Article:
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additional note for users to thoroughly read net.example when trying advanced configuration, thanks to Weeve for reporting via IRC

1 <?xml version='1.0' encoding='UTF-8'?>
2 <!DOCTYPE sections SYSTEM "/dtd/book.dtd">
3
4 <!-- The content of this document is licensed under the CC-BY-SA license -->
5 <!-- See http://creativecommons.org/licenses/by-sa/2.5 -->
6
7 <!-- $Header: /var/cvsroot/gentoo/xml/htdocs/doc/en/handbook/hb-install-config.xml,v 1.84 2006/09/12 20:07:02 nightmorph Exp $ -->
8
9 <sections>
10
11 <version>7.4</version>
12 <date>2006-10-20</date>
13
14 <section>
15 <title>Filesystem Information</title>
16 <subsection>
17 <title>What is fstab?</title>
18 <body>
19
20 <p>
21 Under Linux, all partitions used by the system must be listed in
22 <path>/etc/fstab</path>. This file contains the mount points of those partitions
23 (where they are seen in the file system structure), how they should be mounted
24 and with what special options (automatically or not, whether users can mount
25 them or not, etc.)
26 </p>
27
28 </body>
29 </subsection>
30 <subsection>
31 <title>Creating /etc/fstab</title>
32 <body>
33
34 <p>
35 <path>/etc/fstab</path> uses a special syntax. Every line consists of six
36 fields, separated by whitespace (space(s), tabs or a mixture). Each field has
37 its own meaning:
38 </p>
39
40 <ul>
41 <li>
42 The first field shows the <b>partition</b> described (the path to the device
43 file)
44 </li>
45 <li>
46 The second field shows the <b>mount point</b> at which the partition should be
47 mounted
48 </li>
49 <li>
50 The third field shows the <b>filesystem</b> used by the partition
51 </li>
52 <li>
53 The fourth field shows the <b>mount options</b> used by <c>mount</c> when it
54 wants to mount the partition. As every filesystem has its own mount options,
55 you are encouraged to read the mount man page (<c>man mount</c>) for a full
56 listing. Multiple mount options are comma-separated.
57 </li>
58 <li>
59 The fifth field is used by <c>dump</c> to determine if the partition needs to
60 be <b>dump</b>ed or not. You can generally leave this as <c>0</c> (zero).
61 </li>
62 <li>
63 The sixth field is used by <c>fsck</c> to determine the order in which
64 filesystems should be <b>check</b>ed if the system wasn't shut down properly.
65 The root filesystem should have <c>1</c> while the rest should have <c>2</c>
66 (or <c>0</c> if a filesystem check isn't necessary).
67 </li>
68 </ul>
69
70 <impo>
71 The default <path>/etc/fstab</path> file provided by Gentoo <e>is not a valid
72 fstab file</e>, You <b>have to create</b> your own <path>/etc/fstab</path>.
73 </impo>
74
75 <pre caption="Opening /etc/fstab">
76 # <i>nano -w /etc/fstab</i>
77 </pre>
78
79 </body>
80 <body test="func:keyval('/boot')">
81
82 <p>
83 Let us take a look at how we write down the options for the <path>/boot</path>
84 partition. This is just an example, if you didn't or couldn't create a
85 <path>/boot</path>, don't copy it.
86 </p>
87
88 <p test="contains(func:keyval('/boot'), '/dev/hd')">
89 In our default <keyval id="arch"/> partitioning example, <path>/boot</path> is
90 usually the <path><keyval id="/boot"/></path> partition (or
91 <path>/dev/sda*</path> if you use SCSI or SATA drives), with <c>ext2</c> as
92 filesystem. It needs to be checked during boot, so we would write down:
93 </p>
94
95 <p test="contains(func:keyval('/boot'), '/dev/sd')">
96 In our default <keyval id="arch"/> partitioning example, <path>/boot</path> is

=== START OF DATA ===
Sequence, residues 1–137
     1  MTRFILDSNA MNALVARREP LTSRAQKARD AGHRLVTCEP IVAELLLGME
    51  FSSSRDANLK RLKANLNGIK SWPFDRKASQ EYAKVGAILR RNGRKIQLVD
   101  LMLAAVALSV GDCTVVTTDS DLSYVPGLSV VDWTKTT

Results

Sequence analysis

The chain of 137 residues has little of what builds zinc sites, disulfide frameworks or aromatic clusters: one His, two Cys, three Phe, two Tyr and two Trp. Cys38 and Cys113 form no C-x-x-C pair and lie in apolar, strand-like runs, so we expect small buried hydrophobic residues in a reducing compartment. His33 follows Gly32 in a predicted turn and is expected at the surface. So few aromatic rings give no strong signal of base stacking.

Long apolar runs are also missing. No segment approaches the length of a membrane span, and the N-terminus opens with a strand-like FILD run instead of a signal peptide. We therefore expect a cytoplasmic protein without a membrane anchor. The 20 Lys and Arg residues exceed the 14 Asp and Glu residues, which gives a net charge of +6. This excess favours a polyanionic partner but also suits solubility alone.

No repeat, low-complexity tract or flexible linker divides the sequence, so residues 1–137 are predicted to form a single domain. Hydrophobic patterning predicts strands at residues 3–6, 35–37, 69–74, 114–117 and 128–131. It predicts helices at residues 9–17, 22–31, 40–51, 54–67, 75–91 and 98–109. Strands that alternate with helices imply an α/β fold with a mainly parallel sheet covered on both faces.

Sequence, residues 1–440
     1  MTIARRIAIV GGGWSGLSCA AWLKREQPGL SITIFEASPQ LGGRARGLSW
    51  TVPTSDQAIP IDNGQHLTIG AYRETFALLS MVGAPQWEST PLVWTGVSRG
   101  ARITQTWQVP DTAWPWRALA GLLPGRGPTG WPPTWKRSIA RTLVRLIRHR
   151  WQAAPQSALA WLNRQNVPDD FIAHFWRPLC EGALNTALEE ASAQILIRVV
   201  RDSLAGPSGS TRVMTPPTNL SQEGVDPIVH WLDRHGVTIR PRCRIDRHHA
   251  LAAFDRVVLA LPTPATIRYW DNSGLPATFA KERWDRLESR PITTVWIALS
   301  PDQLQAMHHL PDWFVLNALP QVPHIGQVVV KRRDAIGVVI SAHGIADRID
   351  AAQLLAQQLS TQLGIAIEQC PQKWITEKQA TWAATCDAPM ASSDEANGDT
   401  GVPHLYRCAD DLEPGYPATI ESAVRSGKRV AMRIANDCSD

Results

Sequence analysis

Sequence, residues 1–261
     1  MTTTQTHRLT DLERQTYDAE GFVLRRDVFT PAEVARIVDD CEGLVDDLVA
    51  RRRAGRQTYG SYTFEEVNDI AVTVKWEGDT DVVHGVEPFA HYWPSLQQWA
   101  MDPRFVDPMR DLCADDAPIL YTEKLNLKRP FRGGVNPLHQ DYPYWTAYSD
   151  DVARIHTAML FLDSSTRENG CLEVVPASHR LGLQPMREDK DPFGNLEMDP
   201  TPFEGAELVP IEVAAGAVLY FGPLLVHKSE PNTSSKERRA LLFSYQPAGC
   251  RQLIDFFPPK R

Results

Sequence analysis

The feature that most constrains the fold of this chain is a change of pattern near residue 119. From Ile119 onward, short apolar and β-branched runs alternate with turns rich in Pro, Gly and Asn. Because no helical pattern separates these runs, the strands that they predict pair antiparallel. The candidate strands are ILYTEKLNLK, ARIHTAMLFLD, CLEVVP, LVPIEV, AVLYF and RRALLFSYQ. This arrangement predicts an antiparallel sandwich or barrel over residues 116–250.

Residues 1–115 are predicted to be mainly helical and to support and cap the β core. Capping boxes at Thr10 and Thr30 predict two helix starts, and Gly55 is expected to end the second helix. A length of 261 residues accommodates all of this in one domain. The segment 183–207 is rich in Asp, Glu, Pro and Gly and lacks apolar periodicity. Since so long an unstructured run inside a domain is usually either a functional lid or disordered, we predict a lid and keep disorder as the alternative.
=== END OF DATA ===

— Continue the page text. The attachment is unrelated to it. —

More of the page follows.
97 usually the <path><keyval id="/boot"/></path> partition, with <c>ext2</c> as
98 filesystem. It needs to be checked during boot, so we would write down:
99 </p>
100
101 <pre caption="An example /boot line for /etc/fstab">
102 <keyval id="/boot"/> /boot ext2 defaults 1 2
103 </pre>
104
105 <p>
106 Some users don't want their <path>/boot</path> partition to be mounted
107 automatically to improve their system's security. Those people should
108 substitute <c>defaults</c> with <c>noauto</c>. This does mean that you need to
109 manually mount this partition every time you want to use it.
110 </p>
111
112 </body>
113 <body>
114
115 <p test="not(func:keyval('arch')='SPARC')">
116 Add the rules that match your partitioning scheme and append rules for
117 <path>/proc</path>, <c>tmpfs</c>, for your CD-ROM drive(s), and of course, if
118 you have other partitions or drives, for those too.
119 </p>
120
121 <p test="func:keyval('arch')='SPARC'">
122 Add the rules that match your partitioning schema and append rules for
123 <path>/proc/openprom</path>, <path>/proc</path>, <c>tmpfs</c> , for your CD-ROM
124 drive(s), and of course, if you have other partitions or drives, for those too.
125 </p>
126
127 <p>
128 Now use the <e>example</e> below to create your <path>/etc/fstab</path>:
129 </p>
130
131 <pre caption="A full /etc/fstab example" test="func:keyval('arch')='AMD64' or func:keyval('arch')='x86'">
132 <keyval id="/boot"/> /boot ext2 defaults,noatime 1 2
133 /dev/hda2 none swap sw 0 0
134 /dev/hda3 / ext3 noatime 0 1
135
136 none /proc proc defaults 0 0
137 none /dev/shm tmpfs nodev,nosuid,noexec 0 0
138
139 /dev/cdrom /mnt/cdrom auto noauto,user 0 0
140 </pre>
141
142 <pre caption="A full /etc/fstab example" test="func:keyval('arch')='HPPA'">
143 <keyval id="/boot"/> /boot ext2 defaults,noatime 1 2
144 /dev/sda3 none swap sw 0 0
145 /dev/sda4 / ext3 noatime 0 1
146
147 none /proc proc defaults 0 0
148 none /dev/shm tmpfs nodev,nosuid,noexec 0 0
149
150 /dev/cdrom /mnt/cdrom auto noauto,user 0 0
151 </pre>
152
153 <pre caption="A full /etc/fstab example" test="func:keyval('arch')='Alpha' or func:keyval('arch')='MIPS'">
154 <keyval id="/boot"/> /boot ext2 defaults,noatime 1 2
155 /dev/sda2 none swap sw 0 0
156 /dev/sda3 / ext3 noatime 0 1
157
158 none /proc proc defaults 0 0
159 none /dev/shm tmpfs nodev,nosuid,noexec 0 0
160
161 /dev/cdrom /mnt/cdrom auto noauto,user 0 0
162 </pre>
163
164 <pre caption="A full /etc/fstab example" test="func:keyval('arch')='SPARC'">
165 /dev/sda1 / ext3 noatime 0 1
166 /dev/sda2 none swap sw 0 0
167 /dev/sda4 /usr ext3 noatime 0 2
168 /dev/sda5 /var ext3 noatime 0 2
169 /dev/sda6 /home ext3 noatime 0 2
170
171 none /proc/openprom openpromfs defaults 0 0
172 none /proc proc defaults 0 0
173 none /dev/shm tmpfs nodev,nosuid,noexec 0 0
174
175 /dev/cdrom /mnt/cdrom auto noauto,user 0 0
176 </pre>
177
178 <note test="func:keyval('arch')='PPC'">